I guess you don’t get to be a Chief Evangelist of anything if you’re not enchanting.
Guy Kawasaki, Chief Evangelist for design platform Canva (and formerly with Apple), most certainly is.
At last week’s Real Estate Connect conference in San Francisco, he shared his top tips on how to make any engagement an ‘Enchanting Engagement’.
Whether you’re in sales, out making business connections, or just interacting day-to-day with the people around you, we can all benefit by taking something away from his presentation. Let’s all become a little more enchanting. There’s no harm in trying right?
Here are Guy Kawasaki’s 10 tips for Enchanting Engagements….
1. Make a Duchenne Smile
Named after a French doctor, a Duchenne smile (considered a ‘real’ smile), engages the muscles around both the eyes and mouth. No good if you’re a fan of Botox. See photo below, the man practices what he preaches!
2. Default to “Yes”
When engaging with others, always ask “How can I help you?”
3. Be a baker, not an eater
Take a pie. An eater see’s there is only one pie. The more they eat, the less for others to eat – and they have to eat it as fast as possible. A baker thinks: “I can make another pie, I can make a bigger pie, I can make cakes”. Bakers do not see other people’s gain as their loss.
4. Accept others for who they are
Simple. Leave all judgements behind.
5. Agree on something
Build your relationship by finding something, no matter how trivial it may seem, that you have in common.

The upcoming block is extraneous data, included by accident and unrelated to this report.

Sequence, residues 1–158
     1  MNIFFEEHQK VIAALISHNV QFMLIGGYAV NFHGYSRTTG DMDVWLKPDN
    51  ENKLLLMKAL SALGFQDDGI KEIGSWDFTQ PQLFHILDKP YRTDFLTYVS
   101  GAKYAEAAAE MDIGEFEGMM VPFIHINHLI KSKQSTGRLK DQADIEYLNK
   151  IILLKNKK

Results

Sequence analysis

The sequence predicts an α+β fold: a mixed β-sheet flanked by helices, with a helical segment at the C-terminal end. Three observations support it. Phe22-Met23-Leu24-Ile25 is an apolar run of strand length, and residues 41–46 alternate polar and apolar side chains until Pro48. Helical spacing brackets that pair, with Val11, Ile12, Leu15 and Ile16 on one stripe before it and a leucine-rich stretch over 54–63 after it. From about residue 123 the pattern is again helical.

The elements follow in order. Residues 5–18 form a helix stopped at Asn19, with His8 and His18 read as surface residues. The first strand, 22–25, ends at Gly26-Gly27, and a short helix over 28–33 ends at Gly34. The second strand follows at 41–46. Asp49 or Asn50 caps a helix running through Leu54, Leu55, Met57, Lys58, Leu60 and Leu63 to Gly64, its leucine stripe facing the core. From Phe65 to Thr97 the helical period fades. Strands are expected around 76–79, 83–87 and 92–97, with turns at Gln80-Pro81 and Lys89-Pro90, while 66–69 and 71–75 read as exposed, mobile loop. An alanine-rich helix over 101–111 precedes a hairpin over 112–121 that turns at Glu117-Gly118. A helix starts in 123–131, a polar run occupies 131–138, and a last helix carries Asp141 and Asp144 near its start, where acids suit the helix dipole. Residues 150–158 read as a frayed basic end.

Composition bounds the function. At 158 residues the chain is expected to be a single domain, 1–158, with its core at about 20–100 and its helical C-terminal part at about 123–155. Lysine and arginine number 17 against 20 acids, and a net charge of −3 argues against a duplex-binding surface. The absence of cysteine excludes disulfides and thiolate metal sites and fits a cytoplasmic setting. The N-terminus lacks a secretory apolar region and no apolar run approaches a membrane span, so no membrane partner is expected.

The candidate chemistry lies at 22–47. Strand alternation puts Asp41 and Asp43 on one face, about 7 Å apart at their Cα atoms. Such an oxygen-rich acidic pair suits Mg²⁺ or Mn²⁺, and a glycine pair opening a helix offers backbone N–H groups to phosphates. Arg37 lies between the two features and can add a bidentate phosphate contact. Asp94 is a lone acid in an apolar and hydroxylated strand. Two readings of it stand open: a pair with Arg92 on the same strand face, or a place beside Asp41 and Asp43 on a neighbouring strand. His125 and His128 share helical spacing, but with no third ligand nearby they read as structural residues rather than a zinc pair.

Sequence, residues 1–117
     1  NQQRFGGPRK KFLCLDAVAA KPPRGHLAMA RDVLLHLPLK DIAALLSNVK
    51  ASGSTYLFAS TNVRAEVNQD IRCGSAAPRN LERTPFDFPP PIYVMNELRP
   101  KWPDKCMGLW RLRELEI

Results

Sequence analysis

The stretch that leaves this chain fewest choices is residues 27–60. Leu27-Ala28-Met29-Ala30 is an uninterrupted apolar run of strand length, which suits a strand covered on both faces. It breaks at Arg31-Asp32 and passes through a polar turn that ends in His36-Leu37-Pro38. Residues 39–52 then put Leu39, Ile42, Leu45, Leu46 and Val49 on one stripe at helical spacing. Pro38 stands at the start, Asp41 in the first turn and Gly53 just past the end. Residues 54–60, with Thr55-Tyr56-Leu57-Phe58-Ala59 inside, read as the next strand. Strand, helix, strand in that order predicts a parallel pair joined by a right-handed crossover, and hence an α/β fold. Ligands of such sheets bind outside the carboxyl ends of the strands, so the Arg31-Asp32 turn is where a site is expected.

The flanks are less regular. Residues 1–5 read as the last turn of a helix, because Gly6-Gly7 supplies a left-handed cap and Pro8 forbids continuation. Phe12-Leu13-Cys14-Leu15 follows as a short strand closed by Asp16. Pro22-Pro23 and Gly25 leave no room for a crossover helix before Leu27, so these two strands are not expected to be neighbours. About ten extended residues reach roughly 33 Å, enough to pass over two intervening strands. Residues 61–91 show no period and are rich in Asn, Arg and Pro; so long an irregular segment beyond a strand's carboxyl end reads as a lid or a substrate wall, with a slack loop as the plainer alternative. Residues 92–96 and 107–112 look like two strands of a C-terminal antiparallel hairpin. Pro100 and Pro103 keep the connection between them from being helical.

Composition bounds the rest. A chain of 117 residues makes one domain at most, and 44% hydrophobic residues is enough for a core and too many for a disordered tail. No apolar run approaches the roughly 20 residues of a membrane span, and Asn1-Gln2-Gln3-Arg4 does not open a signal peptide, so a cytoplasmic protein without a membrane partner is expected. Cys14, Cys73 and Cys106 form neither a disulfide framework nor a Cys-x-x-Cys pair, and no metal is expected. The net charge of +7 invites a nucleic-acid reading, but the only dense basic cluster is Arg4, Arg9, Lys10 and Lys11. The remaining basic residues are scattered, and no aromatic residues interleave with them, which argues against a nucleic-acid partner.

6. Remove the speed bumps
Identify the obstacles impeding people from doing business with you, then eliminate them. For instance, the example Kawasaki gave was: if your goal is to have customers register on your website, you might want to rethink an overly cryptic CAPTCHA system or security question, which may deter them from signing up.
7. Enchant everyone
Particularly in the real estate industry. You should never assume that one person is the decision maker (ie. the Father of the family) You never know how the influencer may be, so you need to enchant the whole family!
8. Build an ecosystem
Think bigger than just the “house”. Create a world of partners, friends and allies that want you to succeed and will offer customers what you cannot.
When someone thanks you for your help, reply to them by reinforcing the idea of reciprocation and telling them how they can pay you back. Eg: “I know you would do the same for me”
10. If all else fails, get on your knees
Leave your ego at the door, as Sir Richard Branson did when he asked Guy Kawasaki if he had ever flown on Virgin America. Kawasaki said he hadn’t, because he was part of a frequent flyer program on United Airlines. Branson got down on his knees and started polishing Kawasaki’s shoes with his jacket. He’s been flying Virgin ever since.
You can take a look at this presentation, plus more from Guy Kawasaki on Slideshare
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